Exploring the vibrant heart of Athens, you’ll discover a city reborn from its recent past, fueled by the creativity of artists and entrepreneurs who rose during the economic challenges. Strolling through the streets, the allure of charming boutiques and souvenir stores selling unique, locally crafted items is undeniable. Look out for fashionable summer and beachwear by emerging Greek designers—don’t hesitate to ask shop owners for recommendations—and jewelry that blends ancient motifs with contemporary flair.

Consider picking up a handmade gift that tells a story, possibly accompanied by a note from the designer, adding a personal touch to your Athens experience with tasteful packaging to match. And if your schedule is tight, the Athens airport offers a range of shopping options to grab that last-minute souvenir before you depart.

Athens’ Theater Scene 

Athens has a vibrant cinema culture, far removed from the mainstream cinema experience. The city is home to around 60 outdoor cinemas, offering a unique way to enjoy films under the stars. These cinemas are dotted throughout Athens, from parks to rooftops and in-between buildings. Some standout spots include Cine Dexameni, known for its historic location above a Roman aqueduct and next to a traditional ouzeri; Zefyros in Petralona, popular among a bohemian crowd for its vintage film selection; and Cine Oasis in Pangrati, set in a beautiful garden and favored by the local arts community. Not to be missed, Cine Thisio offers an unparalleled viewing experience with the Acropolis as its backdrop, where movie-goers can enjoy specialty snacks while taking in a piece of history.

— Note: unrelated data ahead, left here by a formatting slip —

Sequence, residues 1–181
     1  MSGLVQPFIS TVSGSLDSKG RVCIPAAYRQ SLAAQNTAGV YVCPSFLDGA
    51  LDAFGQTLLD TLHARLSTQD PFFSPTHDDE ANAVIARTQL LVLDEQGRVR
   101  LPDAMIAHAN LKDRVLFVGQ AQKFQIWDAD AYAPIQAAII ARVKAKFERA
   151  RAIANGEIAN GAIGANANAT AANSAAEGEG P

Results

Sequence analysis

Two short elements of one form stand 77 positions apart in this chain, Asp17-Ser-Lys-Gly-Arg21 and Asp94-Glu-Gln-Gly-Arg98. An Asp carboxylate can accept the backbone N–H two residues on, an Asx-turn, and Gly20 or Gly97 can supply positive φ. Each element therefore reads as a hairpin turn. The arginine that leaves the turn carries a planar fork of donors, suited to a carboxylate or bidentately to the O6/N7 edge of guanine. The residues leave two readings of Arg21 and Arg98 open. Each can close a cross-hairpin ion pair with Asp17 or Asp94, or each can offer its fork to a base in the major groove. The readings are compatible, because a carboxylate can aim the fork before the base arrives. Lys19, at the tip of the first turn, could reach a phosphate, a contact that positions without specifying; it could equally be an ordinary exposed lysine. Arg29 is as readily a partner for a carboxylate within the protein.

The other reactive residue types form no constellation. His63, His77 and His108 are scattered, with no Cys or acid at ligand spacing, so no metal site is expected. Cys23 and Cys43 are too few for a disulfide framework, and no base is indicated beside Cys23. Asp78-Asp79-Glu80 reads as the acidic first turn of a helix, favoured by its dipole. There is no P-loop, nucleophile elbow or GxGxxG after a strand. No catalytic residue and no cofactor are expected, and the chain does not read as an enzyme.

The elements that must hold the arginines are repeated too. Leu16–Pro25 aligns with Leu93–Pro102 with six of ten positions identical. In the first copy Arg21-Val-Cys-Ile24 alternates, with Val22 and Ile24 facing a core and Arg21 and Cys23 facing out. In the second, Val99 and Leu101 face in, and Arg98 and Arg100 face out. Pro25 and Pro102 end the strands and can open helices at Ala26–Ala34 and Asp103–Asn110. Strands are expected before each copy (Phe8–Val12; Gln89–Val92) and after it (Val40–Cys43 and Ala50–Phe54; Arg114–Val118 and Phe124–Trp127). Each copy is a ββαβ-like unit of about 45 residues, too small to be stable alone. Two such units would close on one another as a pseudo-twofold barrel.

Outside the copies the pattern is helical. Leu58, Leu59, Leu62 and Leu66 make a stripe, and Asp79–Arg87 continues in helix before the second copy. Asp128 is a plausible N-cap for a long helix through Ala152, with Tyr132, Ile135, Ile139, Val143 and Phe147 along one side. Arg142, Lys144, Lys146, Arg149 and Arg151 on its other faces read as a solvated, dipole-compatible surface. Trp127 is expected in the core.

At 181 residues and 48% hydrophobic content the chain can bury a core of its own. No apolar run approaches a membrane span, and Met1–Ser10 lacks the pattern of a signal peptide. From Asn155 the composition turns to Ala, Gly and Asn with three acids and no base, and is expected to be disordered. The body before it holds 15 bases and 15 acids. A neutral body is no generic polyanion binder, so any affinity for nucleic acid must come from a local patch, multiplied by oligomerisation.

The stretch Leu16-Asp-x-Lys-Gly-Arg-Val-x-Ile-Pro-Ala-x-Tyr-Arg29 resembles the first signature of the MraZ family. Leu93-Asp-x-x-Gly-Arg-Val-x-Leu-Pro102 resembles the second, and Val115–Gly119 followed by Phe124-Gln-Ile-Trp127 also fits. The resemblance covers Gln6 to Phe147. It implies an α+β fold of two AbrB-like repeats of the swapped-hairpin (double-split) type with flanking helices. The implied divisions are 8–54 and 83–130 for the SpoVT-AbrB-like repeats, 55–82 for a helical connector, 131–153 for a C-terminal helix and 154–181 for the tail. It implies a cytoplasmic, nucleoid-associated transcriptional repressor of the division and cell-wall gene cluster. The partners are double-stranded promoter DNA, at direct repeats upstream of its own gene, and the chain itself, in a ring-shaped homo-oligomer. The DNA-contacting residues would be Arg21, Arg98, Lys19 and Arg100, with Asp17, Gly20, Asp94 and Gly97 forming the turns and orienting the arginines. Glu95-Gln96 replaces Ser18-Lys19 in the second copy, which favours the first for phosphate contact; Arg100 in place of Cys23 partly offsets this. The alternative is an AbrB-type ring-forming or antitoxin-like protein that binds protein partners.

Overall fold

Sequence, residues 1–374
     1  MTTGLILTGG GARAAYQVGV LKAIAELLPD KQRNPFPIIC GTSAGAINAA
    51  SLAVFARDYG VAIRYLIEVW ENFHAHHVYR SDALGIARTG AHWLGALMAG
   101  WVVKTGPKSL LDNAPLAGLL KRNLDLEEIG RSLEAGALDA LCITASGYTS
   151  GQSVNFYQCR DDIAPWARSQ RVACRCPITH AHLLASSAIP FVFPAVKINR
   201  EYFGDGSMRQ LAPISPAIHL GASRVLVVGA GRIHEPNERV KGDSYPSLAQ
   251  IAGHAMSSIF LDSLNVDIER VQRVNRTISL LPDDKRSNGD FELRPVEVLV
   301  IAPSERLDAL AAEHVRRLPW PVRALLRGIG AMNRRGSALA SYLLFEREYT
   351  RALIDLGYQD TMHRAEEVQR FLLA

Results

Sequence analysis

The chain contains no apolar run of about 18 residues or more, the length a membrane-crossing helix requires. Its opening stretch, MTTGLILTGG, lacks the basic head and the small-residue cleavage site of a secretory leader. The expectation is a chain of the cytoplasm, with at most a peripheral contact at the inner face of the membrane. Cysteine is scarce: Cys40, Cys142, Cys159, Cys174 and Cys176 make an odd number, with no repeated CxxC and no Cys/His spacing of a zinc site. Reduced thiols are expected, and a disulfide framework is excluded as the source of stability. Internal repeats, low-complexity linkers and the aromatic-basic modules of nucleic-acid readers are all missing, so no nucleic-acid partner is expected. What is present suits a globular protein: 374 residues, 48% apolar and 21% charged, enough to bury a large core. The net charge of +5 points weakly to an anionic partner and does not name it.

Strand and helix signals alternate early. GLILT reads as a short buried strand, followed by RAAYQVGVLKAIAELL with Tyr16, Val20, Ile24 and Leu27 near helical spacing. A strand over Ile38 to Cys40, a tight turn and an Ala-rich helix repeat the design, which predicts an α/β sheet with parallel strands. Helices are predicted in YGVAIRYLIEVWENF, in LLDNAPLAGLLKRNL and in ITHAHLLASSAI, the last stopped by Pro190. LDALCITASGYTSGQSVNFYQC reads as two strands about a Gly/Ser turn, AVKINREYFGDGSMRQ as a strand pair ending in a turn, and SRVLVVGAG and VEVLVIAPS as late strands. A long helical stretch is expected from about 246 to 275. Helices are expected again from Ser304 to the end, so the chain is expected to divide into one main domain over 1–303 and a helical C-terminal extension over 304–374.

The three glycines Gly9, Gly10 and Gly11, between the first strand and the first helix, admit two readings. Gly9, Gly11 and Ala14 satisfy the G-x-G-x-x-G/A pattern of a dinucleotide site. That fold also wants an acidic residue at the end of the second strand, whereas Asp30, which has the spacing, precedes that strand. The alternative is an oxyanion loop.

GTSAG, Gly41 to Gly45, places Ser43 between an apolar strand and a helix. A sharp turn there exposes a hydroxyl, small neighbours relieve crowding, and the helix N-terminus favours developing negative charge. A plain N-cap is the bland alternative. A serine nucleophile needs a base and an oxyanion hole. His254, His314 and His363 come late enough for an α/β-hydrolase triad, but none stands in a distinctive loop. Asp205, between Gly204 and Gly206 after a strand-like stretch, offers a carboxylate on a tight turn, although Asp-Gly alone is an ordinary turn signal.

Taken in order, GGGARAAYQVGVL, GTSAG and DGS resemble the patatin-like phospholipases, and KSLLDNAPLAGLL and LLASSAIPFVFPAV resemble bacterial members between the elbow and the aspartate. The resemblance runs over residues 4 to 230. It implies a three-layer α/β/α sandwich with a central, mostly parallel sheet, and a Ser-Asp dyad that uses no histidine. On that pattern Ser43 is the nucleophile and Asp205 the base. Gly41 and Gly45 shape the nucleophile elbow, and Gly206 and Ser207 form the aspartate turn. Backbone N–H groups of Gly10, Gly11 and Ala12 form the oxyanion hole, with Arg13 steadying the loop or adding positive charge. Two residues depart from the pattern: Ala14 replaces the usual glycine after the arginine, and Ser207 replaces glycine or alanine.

Athens Nightlife

Athenians thrive on being outdoors, especially during the warm evenings from April to November, where social life blooms in the city’s bars and restaurants. Each area brings its own flavor to Athens’ nightlife. Explore Keramikos and Gazi for lively clubbing and a youthful vibe. Monastiraki and Thissio offer rooftop bars perfect for dining under the stars, suitable for couples. Koukaki is known for its intimate cocktail bars, sidewalk cafes, and excellent brunch spots. For a vibrant nightlife, especially in winter, head to Kolonaki. Pangrati offers an artsy atmosphere with cool cafes, while Petralona is the go-to for authentic food and live folk music in cozy venues known as koutoukia and rebetadika. If you’re seeking more privacy, consider the secluded luxury of a 5-star hotel bar or terrace with views of the Acropolis.